Aircel has been one of two carriers in India selling the iPhone. Many have wondered how the second-rate carrier managed to forge an alliance with what is arguably the best mobile phone brand in the world, and what earned it the privilege.
The question seems even more gripping today. Let me provide you the context.
Recently, Aircel slashed the price of the iPhone 3GS by half – to 9,999 Indian rupees (about $185) – and began selling it bundled with a service package of 3,000 rupees (about $56). It was an imaginative deal in a price-sensitive market, one in which Apple has hardly made a ripple.
Apple’s role in this deal has never been explained. Airtel, the only other carrier that offers the iPhone in India, has simply not followed the price cut. It still sells the same iPhone 3GS at double Aircel’s price.
I know Apple cares for its customers. It should partner with carriers that share the sentiment. Let me explain why Aircel is one that doesn’t.
My wife has used the iMac for the past several years. We bought an iPad soon as it was launched and recently I bought a MacBook Air. But only last week, my wife was tempted to pick up the iPhone and fell for the Aircel offer – a moment of impulse she bitterly regrets after 10 days. Here’s why.
She received her phone three days after booking. It took Aircel a further three days to activate voice calling, but not the Internet. Twenty-four hours after activation, it barred outgoing calls, apparently because Aircel’s system (and humans) thought my wife had exceeded her “credit limit.” At other times, customer service agents asked her to pay a deposit of 3,000 rupees, apparently the money already paid had yet to find its way into her account. When my wife has called Aircel’s customer and technical service, she has been bumped off – like cell signals, perhaps – from one number to another.
When she finally confronted the guy who sold her the phone, the voice calling was restored after 24 hours. But, tonight, Aircel has again pulled the plug for no clear reason.
Unlike elsewhere in the world, Aircel’s iPhone users can’t make use of Genius bars in India. We think activating a phone – especially one as simple as the iPhone – shouldn’t take a genius. But Aircel obviously doesn’t care enough.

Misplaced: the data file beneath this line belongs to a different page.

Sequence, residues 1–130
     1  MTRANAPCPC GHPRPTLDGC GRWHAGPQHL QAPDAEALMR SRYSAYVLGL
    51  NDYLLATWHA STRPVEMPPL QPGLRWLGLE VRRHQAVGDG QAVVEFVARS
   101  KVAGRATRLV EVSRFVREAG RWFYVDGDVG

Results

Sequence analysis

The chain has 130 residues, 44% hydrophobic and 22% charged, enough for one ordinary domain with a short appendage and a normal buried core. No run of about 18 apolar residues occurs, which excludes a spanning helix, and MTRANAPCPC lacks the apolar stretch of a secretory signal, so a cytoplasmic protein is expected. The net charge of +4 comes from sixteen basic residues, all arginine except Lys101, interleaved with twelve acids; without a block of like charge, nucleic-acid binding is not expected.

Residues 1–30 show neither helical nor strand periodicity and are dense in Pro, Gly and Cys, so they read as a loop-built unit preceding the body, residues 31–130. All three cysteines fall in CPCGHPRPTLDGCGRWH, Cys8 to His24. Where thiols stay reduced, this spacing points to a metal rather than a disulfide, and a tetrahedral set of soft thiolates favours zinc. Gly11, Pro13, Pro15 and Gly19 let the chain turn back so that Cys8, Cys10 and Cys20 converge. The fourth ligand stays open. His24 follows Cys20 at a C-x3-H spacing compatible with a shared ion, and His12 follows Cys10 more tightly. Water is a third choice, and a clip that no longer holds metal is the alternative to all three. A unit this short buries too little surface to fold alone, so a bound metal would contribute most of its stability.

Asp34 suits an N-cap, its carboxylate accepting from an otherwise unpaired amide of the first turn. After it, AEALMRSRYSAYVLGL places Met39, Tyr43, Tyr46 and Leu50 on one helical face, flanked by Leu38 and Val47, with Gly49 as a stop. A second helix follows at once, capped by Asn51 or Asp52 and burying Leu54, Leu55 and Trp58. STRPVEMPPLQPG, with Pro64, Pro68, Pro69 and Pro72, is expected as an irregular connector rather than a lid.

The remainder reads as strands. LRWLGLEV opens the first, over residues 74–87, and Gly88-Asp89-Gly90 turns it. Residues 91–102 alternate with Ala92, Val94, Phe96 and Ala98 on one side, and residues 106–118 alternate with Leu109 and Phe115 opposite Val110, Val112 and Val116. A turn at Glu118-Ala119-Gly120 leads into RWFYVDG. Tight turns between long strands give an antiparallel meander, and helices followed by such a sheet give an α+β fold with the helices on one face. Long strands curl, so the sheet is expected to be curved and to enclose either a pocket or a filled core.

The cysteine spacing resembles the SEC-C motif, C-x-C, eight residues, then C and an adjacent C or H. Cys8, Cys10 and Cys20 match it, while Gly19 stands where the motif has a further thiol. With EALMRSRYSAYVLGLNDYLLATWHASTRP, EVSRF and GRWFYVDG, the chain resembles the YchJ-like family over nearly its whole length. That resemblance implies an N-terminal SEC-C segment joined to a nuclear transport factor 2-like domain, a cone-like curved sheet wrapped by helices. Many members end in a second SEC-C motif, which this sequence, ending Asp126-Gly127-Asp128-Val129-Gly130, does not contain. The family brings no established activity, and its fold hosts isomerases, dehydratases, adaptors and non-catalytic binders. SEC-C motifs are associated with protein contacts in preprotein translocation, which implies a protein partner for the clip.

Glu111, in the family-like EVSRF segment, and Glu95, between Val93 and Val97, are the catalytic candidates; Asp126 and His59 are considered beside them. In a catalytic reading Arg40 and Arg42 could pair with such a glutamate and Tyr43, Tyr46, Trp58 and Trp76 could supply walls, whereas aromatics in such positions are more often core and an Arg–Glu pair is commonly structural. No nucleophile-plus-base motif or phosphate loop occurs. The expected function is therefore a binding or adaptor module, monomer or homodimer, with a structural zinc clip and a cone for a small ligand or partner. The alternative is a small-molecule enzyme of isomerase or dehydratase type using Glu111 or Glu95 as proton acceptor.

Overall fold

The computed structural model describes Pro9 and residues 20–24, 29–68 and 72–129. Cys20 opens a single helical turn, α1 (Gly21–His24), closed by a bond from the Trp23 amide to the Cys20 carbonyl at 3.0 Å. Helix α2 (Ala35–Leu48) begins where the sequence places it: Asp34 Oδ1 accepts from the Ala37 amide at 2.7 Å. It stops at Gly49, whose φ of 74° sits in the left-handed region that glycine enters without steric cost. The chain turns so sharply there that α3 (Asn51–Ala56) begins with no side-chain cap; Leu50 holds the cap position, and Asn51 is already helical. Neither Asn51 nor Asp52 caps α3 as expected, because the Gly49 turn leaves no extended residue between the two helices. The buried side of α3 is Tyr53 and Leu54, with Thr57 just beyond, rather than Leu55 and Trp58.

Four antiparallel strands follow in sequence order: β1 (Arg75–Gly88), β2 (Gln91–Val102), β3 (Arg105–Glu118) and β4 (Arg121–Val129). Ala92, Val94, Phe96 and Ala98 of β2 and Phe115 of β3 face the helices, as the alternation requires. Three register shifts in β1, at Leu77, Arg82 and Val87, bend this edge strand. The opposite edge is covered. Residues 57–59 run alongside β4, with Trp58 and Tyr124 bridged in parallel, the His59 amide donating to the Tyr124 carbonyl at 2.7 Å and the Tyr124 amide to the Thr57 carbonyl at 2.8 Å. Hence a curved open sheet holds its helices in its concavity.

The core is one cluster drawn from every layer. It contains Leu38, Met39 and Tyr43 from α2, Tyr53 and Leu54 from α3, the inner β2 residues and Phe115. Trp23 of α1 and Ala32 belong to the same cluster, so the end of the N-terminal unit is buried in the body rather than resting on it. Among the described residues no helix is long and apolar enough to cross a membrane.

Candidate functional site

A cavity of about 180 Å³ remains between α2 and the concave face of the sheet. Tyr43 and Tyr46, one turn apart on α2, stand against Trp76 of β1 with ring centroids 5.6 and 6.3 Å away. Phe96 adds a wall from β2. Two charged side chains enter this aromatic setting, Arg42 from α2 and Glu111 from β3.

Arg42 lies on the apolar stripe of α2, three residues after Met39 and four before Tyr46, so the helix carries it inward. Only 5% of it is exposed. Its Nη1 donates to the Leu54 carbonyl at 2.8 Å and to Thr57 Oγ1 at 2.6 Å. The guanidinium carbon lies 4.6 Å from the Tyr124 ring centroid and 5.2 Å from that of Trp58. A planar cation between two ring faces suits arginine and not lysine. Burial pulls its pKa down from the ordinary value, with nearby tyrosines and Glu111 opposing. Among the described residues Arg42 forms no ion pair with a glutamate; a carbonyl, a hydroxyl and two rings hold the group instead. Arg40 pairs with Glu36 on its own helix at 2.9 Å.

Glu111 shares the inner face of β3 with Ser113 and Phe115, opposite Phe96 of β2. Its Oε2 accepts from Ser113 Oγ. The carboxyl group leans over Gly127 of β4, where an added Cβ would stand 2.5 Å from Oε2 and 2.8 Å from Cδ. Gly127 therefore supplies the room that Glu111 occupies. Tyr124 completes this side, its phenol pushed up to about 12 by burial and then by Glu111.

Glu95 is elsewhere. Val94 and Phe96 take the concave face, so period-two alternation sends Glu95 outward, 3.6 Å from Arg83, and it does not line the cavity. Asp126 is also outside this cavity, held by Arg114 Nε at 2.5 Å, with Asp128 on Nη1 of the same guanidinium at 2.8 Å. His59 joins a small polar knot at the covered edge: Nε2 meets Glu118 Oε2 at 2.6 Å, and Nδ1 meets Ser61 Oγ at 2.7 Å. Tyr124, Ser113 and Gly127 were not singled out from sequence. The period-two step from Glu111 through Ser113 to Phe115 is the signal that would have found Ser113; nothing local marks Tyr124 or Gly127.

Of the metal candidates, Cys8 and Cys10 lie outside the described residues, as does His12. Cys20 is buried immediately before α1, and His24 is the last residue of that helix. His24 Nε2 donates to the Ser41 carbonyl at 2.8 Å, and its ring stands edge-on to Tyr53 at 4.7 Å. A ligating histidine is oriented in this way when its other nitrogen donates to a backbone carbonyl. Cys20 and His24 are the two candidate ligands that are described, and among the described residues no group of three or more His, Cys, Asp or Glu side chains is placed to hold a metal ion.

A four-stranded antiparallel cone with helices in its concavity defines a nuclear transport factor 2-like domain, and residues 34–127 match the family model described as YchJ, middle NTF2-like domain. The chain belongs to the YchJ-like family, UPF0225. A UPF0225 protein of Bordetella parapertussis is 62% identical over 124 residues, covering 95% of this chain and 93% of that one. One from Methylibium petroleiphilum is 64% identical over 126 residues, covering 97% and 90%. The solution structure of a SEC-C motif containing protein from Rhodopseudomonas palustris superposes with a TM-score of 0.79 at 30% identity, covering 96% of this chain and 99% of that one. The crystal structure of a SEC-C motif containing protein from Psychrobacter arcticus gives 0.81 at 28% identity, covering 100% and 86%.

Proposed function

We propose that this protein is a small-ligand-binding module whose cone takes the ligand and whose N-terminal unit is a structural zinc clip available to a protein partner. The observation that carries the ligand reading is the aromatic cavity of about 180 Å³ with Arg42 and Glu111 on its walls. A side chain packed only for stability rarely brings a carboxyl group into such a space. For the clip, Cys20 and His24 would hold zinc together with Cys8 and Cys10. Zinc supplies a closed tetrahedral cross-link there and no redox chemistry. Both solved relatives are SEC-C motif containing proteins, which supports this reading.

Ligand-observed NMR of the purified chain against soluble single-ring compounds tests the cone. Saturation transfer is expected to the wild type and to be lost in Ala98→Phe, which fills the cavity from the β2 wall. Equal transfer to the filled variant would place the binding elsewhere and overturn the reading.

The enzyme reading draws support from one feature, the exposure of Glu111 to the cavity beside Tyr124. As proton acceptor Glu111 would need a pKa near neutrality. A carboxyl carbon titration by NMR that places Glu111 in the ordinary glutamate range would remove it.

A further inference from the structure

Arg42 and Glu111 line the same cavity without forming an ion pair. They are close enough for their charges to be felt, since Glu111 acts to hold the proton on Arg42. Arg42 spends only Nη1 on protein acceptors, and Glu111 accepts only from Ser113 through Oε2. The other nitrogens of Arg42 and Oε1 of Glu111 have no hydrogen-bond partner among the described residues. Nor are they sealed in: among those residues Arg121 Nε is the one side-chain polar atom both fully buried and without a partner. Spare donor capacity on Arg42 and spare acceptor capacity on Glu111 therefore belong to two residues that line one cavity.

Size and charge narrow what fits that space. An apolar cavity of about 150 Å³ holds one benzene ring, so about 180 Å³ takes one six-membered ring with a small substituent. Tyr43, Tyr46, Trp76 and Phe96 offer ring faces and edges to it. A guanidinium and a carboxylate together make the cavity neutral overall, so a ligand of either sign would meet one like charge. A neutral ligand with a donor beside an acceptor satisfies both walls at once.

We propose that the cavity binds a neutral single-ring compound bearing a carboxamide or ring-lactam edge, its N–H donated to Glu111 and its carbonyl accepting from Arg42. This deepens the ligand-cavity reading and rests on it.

Aircel’s service guy in Ooty, a relatively small hill station in southern India, was no genius. He told us the iPhone wouldn’t work on the Wi-fi until it was activated by the carrier. For the past two days, the clearly ill-trained guy has been trying – earnestly, I would have to concede – to get the iPhone connected to the Internet. He tells us the Internet activation can be done only through iTunes authentication. We are no Luddites but remain clueless why that should be a method of authentication, not to mention Aircel’s preferred method. All it should take is for the SIM to be activated for data usage. Or so we think.
I think the above should be a matter of serious concern to Apple chief Tim Cook, who last week told analysts he “loved India” but doesn’t consider its business potential very high. At this rate, Apple is not going to win any friends out here in India. I simply can’t understand how a company that sets high standards in nearly everything – including the customer experience – can allow this kind of appalling service standards for its phone sales.
As I write this on a Saturday night, my wife is still furiously working the Aircel phones for help. My suggestion to her has been to simply throw away Aircel’s SIM card and use her existing Airtel connection to the thankfully unlocked phone. But why should we expect, and put up with, this kind of service from an Apple brand?